Through remote cantons, on humble beasts, a great lord for a guide, the travellers must follow the road, and endure the land – because there is no other road, and there is no other land.

It is said, among the SurGaKu: “For us, all things, eventually, turn into stories | and only by following the story | do we ever come to know of things”.

The SurGaKu teach: “And all stories, of course, come from the past; and to the past, of course, most stories return”.

And some among the SurGaKu add: “The past is a lost place. Do not go there”.

*     *     *     *     *

Please enjoy…

Dustless | Volume 1 || Amazon US / Amazon UK

Dustless | Volume 2 || Amazon US / Amazon UK

Dustless | Volume 3 || Amazon US / Amazon UK

From the notebook of Amza Iyaa, minor novelist of the Era of the Empty Sky:

Certain books die. This much is clear.

Certain books – many – perhaps even most? – can hardly be said to live at all. These are the books that are unwritten – the glimmers, the amusing sketches (to be worked up at a later date) of dilettantes, notes jotted down on napkins, half-thoughts from people half awake and half asleep, thoughts that seem urgent, requiring prose.

Ah, the unwritten books! Surely, the vast numbers of books published through the ages, gathered together in a mountainous heap, must still be just a flash, a quibble, a fraction, compared to the books that were never written?

What a stupendous library it would be, the one that held all the unwritten books of our world!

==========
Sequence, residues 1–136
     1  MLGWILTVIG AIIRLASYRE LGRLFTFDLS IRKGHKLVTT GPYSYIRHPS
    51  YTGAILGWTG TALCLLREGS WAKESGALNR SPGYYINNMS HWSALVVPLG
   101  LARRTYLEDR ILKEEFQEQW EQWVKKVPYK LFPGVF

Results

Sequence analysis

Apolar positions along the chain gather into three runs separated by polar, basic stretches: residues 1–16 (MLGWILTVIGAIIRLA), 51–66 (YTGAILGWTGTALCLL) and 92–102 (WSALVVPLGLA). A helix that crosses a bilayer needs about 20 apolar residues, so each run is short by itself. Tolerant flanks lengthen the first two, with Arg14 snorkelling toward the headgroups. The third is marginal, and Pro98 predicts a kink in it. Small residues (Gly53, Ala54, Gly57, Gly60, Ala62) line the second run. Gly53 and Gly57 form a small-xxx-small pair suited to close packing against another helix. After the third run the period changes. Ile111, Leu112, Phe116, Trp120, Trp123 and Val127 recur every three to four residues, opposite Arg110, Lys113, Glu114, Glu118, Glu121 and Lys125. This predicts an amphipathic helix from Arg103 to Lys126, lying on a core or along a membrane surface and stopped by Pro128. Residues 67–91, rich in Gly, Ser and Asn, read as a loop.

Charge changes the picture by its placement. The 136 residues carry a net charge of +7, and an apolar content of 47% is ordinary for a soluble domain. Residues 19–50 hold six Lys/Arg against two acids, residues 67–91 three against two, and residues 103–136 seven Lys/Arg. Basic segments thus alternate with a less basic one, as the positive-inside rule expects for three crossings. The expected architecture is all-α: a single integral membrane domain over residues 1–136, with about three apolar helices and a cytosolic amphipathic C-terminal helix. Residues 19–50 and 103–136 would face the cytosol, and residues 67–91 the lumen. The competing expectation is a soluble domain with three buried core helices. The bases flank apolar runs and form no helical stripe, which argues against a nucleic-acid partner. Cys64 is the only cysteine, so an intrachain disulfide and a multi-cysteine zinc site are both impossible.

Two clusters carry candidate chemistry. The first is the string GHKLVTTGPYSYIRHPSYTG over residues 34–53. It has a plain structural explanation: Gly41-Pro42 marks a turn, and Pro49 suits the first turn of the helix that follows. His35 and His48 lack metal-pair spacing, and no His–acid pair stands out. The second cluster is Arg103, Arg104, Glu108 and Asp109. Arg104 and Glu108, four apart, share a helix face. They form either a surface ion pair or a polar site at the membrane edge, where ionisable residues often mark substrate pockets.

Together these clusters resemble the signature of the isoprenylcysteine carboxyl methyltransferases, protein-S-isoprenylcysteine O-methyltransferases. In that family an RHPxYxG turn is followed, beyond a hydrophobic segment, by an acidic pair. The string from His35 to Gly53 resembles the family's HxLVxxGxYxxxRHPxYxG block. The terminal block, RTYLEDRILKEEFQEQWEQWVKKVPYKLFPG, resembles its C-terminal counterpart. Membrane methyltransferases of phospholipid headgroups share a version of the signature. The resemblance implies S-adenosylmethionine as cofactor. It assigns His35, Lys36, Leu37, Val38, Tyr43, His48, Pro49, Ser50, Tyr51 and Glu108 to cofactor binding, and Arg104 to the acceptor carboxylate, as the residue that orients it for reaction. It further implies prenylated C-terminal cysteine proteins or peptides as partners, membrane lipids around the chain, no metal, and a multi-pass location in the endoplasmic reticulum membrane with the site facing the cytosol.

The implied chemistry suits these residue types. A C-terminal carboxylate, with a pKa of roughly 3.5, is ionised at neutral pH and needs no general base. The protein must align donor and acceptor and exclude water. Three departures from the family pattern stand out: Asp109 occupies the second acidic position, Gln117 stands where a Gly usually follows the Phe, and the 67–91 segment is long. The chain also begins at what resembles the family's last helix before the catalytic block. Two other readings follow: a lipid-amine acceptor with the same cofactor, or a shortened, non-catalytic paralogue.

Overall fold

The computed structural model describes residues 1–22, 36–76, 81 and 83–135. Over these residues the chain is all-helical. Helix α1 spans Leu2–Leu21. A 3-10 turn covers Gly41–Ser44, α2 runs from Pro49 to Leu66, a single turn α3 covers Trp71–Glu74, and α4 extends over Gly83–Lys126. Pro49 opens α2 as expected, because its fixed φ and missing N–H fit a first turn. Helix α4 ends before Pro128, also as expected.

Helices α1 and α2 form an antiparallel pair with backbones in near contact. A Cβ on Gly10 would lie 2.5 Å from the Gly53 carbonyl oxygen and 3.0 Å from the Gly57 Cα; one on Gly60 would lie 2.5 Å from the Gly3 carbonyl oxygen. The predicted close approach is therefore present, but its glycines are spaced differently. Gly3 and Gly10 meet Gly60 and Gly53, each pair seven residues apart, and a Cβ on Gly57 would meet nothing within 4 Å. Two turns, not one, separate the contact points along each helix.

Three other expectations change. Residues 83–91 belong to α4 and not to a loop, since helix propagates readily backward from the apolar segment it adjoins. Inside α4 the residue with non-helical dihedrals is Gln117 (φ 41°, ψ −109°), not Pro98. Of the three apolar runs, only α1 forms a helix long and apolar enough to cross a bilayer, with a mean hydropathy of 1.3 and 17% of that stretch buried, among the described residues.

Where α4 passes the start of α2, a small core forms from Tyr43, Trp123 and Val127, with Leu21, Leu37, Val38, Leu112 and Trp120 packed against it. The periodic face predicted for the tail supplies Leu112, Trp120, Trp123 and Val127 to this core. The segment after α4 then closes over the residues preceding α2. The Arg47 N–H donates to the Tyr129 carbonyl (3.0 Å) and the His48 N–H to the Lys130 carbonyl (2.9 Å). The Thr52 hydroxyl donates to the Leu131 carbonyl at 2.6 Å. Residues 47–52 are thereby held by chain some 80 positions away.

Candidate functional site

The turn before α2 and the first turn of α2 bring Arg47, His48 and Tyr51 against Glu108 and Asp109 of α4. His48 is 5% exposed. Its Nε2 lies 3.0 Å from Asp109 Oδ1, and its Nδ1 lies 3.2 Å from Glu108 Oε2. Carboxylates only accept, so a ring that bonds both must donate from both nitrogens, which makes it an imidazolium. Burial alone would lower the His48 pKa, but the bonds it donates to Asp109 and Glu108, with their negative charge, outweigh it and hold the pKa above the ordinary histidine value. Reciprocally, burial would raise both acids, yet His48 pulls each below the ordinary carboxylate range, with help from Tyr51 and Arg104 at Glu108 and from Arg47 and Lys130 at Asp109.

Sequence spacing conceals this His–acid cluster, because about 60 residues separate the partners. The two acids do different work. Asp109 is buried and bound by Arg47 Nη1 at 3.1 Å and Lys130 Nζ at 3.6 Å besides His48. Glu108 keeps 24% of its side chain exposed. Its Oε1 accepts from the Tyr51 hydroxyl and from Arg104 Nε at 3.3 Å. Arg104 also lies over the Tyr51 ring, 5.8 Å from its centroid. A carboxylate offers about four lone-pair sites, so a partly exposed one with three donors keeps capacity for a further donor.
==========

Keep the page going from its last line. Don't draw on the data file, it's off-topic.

What a ghostly babble, those pages will contain… Such a crowd, a roar, the rustle of a thousand weak intentions, the riffling plod of a hundred million half-hearted notions…

I have run out memory, the number of people who, on finding that I am the Amza Iyaa, have told me: “Ah, I have the idea for a most splendid story!”, or “I wish I could write a book. I have often thought of writing one…”

Yes, yes

I say, moving away from them as quickly as I can

I’m sure you have it in you

although, of course, in my mind, I think: Ah, but if wishing were doing, then doing, and life in general, would be far less interesting…

— something of that kind, in any case.

Yet, who can say these unwritten books never lived at all? Certainly, they were never given the cool reality of ink; certainly, they remained stumps and visions, they were never granted articulation, their plots were never worked out, their characters were mere phantasms, schoolboy crushes, lumpy exaggerations… but, still, there they were, for those moments or days, or even years, those unwritten books, they certainly existed, didn’t they?

Isn’t it possible, that somewhere in that library of unwritten books, by far the greatest masterpiece ever created languishes?

A wonderful, wonderful book?